Structual modifications and implications
Another thread piqued my interest with regards to modifying your boat structually and the possible implications of doing so.
I know little about the CE process on boats, but assume that boat design and composition must enter in to it, which will include structual integrity?
What started this question is Modifications that have been carried out on a RIB I bought.
I have been rebuilding a PAC 22 that has been fitted with a Sabre 250 BHP 6 cylinder engine and Hamilton Jetdrive. Because the engine is quite a bit longer that the original 4 cylinder, whoever did the modifications chopped out the entire bulkhead at the front of the engine to create some space. It appeared to have been done fairly sensibly until I pulled the deck off. Turns out that there was nothing of any substance to replace the missing section, leaving the hull severely weakened right at the point where it needed it most.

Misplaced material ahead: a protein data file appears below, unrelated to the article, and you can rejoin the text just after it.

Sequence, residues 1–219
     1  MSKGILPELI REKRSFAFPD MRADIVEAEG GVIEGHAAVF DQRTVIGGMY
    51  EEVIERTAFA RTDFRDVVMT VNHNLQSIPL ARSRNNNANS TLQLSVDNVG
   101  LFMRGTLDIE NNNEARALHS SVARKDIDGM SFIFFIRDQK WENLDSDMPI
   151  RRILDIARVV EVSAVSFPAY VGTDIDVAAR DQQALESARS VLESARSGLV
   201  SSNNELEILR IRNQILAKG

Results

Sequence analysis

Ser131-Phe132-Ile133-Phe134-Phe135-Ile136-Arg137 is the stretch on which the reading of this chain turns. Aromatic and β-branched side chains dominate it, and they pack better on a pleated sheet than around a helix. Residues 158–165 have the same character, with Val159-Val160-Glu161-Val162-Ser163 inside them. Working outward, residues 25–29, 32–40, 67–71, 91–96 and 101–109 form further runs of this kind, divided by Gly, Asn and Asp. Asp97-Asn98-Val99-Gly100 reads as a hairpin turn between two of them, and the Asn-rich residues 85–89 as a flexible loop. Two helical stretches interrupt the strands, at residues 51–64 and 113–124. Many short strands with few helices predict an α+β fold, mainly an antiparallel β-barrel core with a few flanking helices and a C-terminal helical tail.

I have now fabricated a strong bulkhead that ties everything together again and has put stiffness back in the hull.
I do not know the history of my RIB so do not know who carried out the modifications, but was wondering about the implications with regards to safety, insurance etc if the hull had failed, say after a hard landing. Would the insurance company walk away from a claim when they find it has been modified badly?
I was also mulling over the position where a company has carried out structual modifications to a new hull that has previously been issued with a CE test certificate as designed. If the modifications have weakened the hull design, presumably it would no longer pass a CE test?